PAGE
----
Last summer, sitting at midnight on a Boeing Dreamliner at JFK airport before floating into the dawn across the Atlantic, we heard the captain give a eulogy of the aeroplane—its facilities, and the fact that it was made of composite material. And when we flew, the difference was evident: the wings did not shake as the plane sped along the runway, and the flight was quiet, smooth and almost enjoyable.
His description notably did not contain the word plastic. But that word had been used in a tabloid newspaper to scare people in 2011. ‘Plastic aircraft’ was the expression they used, in airing doubts about their safety.
All this may confirm that the word plastic used in malam partem has not disappeared. That usage apparently began during the 1950s, when the market was flooded with implements and toys made of the cheapest plastic, which disintegrated in a short time.
The OED mentions the usage of ‘artificial, unnatural; superficial, insincere’ as dating from 1963. Chambers gives ‘unattractively synthetic or artificial.’ Merriam Webster is perhaps nearer the mark with ‘having a quality suggestive of mass-produced plastic goods.’
But none of them quite convey that connotation of the unreliable and the bogus that became attached to the word—a nuance implicit when an angry father told his son to look for a real woman and stop fooling around with plastic ones.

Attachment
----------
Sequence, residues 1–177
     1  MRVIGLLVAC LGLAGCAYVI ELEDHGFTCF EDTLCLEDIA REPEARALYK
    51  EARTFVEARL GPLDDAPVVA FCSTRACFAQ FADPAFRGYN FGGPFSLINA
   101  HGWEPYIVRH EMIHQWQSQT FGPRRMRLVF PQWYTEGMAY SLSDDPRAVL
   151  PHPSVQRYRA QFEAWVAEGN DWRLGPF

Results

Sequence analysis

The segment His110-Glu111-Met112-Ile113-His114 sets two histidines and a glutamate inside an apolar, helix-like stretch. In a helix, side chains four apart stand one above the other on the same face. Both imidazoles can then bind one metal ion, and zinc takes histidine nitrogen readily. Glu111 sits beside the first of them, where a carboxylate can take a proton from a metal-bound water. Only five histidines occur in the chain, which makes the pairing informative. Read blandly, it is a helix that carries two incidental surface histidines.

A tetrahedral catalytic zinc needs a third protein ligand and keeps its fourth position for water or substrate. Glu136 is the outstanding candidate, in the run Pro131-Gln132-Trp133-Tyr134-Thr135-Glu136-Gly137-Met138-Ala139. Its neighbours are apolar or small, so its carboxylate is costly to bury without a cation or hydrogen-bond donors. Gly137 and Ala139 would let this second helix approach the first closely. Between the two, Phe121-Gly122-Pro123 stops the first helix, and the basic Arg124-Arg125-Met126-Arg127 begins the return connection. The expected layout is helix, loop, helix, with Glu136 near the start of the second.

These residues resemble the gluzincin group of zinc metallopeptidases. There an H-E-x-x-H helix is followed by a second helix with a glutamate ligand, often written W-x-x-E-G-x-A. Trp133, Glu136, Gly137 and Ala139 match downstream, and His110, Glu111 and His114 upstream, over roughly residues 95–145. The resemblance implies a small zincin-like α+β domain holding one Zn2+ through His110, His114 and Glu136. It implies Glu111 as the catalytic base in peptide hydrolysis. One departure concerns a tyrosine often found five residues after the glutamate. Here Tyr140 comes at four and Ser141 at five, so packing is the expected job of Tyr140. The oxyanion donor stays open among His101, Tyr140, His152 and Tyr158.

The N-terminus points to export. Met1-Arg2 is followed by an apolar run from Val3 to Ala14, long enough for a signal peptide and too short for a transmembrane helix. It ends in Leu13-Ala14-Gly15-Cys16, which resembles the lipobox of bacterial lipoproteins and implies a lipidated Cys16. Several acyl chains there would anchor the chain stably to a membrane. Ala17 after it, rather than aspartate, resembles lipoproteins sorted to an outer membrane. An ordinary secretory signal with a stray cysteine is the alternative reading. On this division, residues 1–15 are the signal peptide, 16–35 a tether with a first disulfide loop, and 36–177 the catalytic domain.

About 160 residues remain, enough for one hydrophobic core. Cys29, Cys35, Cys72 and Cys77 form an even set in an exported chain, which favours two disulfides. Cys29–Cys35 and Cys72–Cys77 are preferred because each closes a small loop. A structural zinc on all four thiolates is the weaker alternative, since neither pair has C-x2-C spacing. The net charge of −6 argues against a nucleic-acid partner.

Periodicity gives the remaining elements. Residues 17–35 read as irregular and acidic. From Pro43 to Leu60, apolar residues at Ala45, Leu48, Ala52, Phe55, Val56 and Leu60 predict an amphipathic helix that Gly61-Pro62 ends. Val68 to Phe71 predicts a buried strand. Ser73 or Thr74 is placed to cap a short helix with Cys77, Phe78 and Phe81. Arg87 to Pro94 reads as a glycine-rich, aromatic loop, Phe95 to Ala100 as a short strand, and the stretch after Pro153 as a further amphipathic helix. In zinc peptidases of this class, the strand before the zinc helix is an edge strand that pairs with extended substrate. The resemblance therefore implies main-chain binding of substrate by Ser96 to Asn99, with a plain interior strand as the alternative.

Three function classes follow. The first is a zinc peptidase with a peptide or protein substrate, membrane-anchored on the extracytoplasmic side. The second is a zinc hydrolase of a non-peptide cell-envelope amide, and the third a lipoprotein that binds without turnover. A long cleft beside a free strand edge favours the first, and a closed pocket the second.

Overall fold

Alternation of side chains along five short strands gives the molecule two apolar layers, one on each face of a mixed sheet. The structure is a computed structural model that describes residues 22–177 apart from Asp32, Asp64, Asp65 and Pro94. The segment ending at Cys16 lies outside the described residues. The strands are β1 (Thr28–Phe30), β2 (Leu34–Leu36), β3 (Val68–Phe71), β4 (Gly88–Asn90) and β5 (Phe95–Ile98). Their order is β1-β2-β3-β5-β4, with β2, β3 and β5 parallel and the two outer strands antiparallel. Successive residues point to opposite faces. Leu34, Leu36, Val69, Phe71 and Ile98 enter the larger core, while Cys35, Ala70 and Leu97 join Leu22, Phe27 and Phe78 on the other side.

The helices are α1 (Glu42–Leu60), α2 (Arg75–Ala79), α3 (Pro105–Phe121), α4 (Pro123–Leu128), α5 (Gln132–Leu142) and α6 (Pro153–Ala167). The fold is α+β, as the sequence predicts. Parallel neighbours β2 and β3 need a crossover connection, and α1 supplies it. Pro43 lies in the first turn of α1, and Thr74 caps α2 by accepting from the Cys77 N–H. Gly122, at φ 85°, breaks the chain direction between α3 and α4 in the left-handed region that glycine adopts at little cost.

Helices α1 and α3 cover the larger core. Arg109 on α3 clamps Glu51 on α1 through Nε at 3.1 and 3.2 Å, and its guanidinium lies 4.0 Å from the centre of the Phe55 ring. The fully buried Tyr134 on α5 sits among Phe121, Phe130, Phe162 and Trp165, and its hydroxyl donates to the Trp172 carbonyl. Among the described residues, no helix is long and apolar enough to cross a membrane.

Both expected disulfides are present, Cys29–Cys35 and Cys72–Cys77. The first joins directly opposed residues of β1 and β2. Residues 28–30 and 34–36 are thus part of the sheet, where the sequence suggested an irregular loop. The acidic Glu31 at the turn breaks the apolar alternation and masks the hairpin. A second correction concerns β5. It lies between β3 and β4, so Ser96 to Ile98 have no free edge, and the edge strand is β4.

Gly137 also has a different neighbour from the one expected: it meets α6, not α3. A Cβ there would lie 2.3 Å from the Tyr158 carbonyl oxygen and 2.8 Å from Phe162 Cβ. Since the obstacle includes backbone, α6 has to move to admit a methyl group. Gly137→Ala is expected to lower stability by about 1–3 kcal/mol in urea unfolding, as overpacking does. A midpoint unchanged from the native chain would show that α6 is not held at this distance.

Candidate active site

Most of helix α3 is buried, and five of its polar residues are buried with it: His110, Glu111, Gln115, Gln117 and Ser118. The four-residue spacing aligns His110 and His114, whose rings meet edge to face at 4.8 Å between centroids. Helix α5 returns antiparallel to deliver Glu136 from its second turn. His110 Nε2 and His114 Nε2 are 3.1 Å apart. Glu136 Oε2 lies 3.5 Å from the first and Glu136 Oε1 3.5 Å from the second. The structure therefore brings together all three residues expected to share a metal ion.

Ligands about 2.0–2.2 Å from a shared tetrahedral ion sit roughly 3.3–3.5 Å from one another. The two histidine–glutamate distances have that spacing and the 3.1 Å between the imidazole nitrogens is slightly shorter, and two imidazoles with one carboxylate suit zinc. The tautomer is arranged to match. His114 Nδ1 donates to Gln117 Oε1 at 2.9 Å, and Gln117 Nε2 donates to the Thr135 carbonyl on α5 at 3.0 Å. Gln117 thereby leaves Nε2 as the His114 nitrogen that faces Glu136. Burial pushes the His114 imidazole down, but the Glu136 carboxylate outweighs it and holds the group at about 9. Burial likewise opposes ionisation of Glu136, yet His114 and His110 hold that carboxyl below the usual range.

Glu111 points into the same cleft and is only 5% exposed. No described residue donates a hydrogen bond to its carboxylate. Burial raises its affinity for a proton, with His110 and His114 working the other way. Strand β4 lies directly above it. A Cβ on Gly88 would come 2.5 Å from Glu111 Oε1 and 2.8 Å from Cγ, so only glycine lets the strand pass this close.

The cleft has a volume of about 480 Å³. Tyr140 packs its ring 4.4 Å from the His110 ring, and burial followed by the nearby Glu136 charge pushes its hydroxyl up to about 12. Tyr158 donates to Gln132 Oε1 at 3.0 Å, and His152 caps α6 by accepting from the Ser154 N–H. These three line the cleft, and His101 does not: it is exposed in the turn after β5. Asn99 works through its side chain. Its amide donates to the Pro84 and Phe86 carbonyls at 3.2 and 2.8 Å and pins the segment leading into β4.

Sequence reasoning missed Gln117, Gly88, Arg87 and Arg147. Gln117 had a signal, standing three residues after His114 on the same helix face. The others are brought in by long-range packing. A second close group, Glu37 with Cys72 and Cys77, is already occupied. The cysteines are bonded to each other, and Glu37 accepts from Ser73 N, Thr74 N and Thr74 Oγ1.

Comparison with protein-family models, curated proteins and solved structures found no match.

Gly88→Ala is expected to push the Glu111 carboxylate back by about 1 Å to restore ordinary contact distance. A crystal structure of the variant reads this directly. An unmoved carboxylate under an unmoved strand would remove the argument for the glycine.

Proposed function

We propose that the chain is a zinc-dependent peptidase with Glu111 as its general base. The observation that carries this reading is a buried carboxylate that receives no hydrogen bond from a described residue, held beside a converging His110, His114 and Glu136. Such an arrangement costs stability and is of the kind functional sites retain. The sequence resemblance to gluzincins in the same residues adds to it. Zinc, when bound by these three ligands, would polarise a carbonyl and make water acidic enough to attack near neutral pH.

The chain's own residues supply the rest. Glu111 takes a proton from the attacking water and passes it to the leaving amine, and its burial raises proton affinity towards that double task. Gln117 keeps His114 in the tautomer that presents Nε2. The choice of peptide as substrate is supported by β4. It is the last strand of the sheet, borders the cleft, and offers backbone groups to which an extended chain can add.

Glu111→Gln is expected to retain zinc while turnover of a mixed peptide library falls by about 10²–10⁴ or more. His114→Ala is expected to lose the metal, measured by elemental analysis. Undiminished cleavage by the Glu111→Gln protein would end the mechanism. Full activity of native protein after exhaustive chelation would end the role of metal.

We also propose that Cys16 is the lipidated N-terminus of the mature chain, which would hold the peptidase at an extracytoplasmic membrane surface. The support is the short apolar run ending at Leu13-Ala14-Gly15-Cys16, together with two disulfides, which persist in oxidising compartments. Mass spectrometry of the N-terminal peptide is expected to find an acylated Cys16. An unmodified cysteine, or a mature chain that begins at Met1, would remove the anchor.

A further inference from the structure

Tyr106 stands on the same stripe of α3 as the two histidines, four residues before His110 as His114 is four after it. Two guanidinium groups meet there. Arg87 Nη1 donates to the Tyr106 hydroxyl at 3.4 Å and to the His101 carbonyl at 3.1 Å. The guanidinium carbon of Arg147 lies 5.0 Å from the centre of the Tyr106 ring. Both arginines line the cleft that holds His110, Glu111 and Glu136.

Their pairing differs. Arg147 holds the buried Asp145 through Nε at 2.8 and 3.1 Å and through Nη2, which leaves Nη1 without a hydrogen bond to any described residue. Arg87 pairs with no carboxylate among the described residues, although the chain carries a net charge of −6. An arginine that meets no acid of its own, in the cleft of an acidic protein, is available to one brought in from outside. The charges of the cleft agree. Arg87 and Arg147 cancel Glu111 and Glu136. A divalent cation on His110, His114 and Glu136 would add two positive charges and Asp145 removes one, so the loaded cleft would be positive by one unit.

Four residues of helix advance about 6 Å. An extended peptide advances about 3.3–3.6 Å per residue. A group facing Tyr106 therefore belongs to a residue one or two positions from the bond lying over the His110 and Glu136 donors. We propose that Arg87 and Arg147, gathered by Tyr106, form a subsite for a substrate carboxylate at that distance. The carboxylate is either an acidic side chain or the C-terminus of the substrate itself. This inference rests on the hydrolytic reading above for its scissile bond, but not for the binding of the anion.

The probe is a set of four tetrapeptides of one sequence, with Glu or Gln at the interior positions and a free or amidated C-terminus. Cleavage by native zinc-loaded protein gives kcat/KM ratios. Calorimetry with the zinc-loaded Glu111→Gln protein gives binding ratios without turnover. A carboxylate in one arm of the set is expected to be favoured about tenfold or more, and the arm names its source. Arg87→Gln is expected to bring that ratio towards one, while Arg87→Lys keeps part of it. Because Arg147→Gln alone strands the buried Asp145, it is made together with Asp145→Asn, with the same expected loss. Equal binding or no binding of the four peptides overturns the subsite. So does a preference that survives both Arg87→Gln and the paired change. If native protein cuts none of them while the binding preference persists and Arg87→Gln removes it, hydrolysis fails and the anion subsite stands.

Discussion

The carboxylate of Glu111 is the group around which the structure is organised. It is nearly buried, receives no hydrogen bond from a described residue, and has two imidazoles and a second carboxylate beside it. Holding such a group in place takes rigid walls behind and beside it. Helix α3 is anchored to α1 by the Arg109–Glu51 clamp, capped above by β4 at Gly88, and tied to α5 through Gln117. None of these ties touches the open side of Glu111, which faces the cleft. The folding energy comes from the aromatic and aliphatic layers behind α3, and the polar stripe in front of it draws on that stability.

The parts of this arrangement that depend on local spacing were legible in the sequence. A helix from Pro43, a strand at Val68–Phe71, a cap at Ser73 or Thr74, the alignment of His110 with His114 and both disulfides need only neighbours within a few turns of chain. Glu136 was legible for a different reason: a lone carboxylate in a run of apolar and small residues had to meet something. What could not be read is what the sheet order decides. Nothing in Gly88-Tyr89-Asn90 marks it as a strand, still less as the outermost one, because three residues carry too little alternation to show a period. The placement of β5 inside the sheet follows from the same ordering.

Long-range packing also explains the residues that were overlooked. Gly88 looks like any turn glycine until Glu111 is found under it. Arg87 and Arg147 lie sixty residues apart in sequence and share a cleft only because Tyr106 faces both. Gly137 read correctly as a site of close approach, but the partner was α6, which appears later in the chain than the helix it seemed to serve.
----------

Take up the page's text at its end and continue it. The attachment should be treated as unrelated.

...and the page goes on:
It does become clear from the OED that the word has been used for man-made materials since before 1909:
- ‘Any of a large and varied class of materials used widely in manufacturing, which are organic polymers of high molecular weight, now usually based on synthetic materials, and may be moulded, extruded, or cast when they are soft or liquid, and then set into a rigid or slightly elastic form.’
Its first recorded use was for Bakelite, which certainly gained general approval; and people still collect objects such as fountain pens that were beautifully made of such materials. As for plastic used to make aeroplanes, the first instance of that was in the 1940s.
The history of such materials has some excellent summaries on the net, not least in Wikipedia. As for composite materials, they are of great antiquity: wattle and daub was apparently used before 6000BC, and bricks were a refinement of that.
Notable is that the Greek word πλάσσω, from which the adjective πλαστικός derives, as does the noun πλάσμα, is used censoriously by the 4th century BC:
τἰ λόγους πλάττεις; asks Demosthenes of Aeschines in their famous court case: “Why are you fabricating words?” (18.121) And Isocrates uses the verb to denote the making of false accusations (12.25).
Next post: Artifice.